I hate to admit it, but I miss prime time.
For those of you born after Seinfeld went off the air, “prime time” dominated an era when television viewers only had three or four choices at any given time. Before streaming took over our devices, before cable devolved to 500 channels with nothing to see, there was “prime time television.” If you’re old enough to remember when Friends ruled “Must-See TV,” you (and tens of millions of others) likely spent a fair amount of your weeknights engaged with prime time’s three-hour post-dinner programming block.
Prime time once acted like a national water cooler — offering a shared set of conversation (and argument) starters. At its peak, 20–30 million of us watched shows mirroring a conformed, but often entertaining brand of American homogeneity. The situational comedy format ruled, but there was also the procedural (CSI, SVU), the news serial (48 Hours, Dateline), and the casually subversive (The Simpsons, Twin Peaks).
There’s plenty of reasons to celebrate prime time’s demise — the lineup almost always projected a distorted, white-male dominated version of American life, and most of its offerings were, well, terrible compared to the cornucopia of quality shows that can be found across today’s streaming universe (does anyone mourn the loss of Models Inc.?).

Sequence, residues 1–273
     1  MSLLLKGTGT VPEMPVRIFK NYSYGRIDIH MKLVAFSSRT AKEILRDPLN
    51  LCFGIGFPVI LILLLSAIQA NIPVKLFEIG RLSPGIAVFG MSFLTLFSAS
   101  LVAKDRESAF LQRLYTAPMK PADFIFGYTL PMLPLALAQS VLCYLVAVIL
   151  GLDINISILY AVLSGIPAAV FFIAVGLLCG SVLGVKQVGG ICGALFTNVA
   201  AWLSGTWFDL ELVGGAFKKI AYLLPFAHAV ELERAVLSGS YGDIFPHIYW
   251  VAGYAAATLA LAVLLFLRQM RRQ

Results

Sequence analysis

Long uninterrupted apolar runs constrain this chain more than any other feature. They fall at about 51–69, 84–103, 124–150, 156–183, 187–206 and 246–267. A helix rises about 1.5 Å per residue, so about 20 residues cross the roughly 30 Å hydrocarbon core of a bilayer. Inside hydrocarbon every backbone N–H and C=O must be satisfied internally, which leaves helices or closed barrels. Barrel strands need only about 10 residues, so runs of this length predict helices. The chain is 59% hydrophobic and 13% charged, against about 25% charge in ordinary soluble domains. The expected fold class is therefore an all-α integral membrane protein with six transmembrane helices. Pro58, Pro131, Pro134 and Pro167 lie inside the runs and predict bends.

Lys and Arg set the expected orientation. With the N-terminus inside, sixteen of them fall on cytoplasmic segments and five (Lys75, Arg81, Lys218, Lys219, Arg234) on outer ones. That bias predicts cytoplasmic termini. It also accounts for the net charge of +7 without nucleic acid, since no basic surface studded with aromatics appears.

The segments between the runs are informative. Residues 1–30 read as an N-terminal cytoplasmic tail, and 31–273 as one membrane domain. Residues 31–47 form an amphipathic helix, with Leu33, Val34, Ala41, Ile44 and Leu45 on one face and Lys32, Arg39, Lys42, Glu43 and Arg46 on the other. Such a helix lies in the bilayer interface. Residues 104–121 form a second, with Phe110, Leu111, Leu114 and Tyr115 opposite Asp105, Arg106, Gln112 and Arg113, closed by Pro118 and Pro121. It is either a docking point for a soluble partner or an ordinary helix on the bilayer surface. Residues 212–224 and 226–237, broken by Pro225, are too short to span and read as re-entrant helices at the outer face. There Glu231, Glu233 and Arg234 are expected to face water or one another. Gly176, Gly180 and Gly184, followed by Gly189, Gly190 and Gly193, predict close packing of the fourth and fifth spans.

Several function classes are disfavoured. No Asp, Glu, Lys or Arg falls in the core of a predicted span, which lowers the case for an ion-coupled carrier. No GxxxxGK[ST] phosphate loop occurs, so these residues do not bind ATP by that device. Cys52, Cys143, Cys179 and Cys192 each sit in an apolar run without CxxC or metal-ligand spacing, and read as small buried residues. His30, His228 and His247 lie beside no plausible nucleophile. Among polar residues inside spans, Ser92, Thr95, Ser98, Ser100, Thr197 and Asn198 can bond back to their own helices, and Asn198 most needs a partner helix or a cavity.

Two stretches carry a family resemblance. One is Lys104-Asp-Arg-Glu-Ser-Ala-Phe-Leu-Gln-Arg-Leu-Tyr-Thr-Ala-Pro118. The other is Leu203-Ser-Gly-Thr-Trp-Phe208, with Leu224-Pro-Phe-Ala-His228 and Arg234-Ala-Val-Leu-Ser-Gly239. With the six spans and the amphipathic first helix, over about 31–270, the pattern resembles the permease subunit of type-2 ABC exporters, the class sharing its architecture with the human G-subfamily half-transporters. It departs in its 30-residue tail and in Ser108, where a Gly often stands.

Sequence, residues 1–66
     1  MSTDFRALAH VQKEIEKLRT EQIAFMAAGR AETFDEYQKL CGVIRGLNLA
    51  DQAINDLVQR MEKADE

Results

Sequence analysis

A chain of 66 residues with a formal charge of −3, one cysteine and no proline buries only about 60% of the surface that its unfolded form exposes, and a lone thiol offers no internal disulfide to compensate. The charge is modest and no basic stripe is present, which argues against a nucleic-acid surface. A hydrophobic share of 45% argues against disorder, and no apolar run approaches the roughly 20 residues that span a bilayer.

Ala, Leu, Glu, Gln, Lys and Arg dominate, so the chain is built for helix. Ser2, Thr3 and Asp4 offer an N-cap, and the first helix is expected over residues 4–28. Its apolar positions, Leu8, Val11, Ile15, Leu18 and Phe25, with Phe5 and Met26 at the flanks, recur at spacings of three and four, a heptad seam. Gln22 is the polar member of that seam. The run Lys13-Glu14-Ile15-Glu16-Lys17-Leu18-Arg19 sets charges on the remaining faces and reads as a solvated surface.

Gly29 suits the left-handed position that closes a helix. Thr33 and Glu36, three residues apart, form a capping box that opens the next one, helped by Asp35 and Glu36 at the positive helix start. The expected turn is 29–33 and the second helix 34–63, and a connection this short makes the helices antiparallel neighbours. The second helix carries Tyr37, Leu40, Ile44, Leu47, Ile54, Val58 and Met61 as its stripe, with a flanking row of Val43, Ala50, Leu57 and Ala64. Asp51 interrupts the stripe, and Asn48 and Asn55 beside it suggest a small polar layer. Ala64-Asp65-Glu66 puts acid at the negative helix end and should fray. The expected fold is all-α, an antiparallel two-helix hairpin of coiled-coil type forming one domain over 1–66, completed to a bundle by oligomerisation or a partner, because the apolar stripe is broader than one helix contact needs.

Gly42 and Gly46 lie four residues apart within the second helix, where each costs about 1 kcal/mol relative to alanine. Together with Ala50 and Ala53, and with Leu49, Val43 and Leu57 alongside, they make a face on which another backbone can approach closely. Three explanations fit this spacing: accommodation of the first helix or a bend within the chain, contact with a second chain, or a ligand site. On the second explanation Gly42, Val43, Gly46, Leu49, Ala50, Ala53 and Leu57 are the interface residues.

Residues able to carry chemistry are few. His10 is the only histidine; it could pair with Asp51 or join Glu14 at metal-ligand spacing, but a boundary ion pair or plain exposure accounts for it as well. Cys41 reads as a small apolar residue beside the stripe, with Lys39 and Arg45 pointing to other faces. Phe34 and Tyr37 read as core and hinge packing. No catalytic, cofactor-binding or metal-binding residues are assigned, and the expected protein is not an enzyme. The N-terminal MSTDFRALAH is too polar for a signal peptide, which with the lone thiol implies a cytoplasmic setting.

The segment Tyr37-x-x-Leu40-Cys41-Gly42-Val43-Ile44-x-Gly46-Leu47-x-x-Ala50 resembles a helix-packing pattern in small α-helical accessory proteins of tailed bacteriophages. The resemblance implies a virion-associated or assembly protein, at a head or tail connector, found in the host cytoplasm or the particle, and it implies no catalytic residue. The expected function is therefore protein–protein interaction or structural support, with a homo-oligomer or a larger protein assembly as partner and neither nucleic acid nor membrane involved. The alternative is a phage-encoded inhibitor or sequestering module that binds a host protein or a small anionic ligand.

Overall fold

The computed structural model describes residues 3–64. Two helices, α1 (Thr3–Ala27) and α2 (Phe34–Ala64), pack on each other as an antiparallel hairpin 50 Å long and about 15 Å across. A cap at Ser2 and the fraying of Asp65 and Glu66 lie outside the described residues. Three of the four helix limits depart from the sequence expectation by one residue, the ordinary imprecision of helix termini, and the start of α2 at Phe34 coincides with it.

But…more and more, I find myself wishing for a prime time comeback. Why? I think it boils down to the cognitive and social tax that the streaming landscape exacts on all of us. Sure, there will always be people who love to navigate the endless obstacles between our desire to watch TV and our ability to do so. But those are probably the same folks who use Linux on their desktop machines. For the rest of us, streaming is just…a terrible experience.
Unless you’re lucky (or mid-binge), finding anything to watch is just too much work. The first ten to fifteen minutes of “watching TV” invariably involves hunting for something to watch, figuring out how to navigate the endlessly terrible streaming service’s user interface, dealing with endless technical and password cruft, finding a show you might want to check out, watching for a few minutes, not liking it, then repeating the process, sometimes cycling between four or five different streaming apps. More often than not, we end up…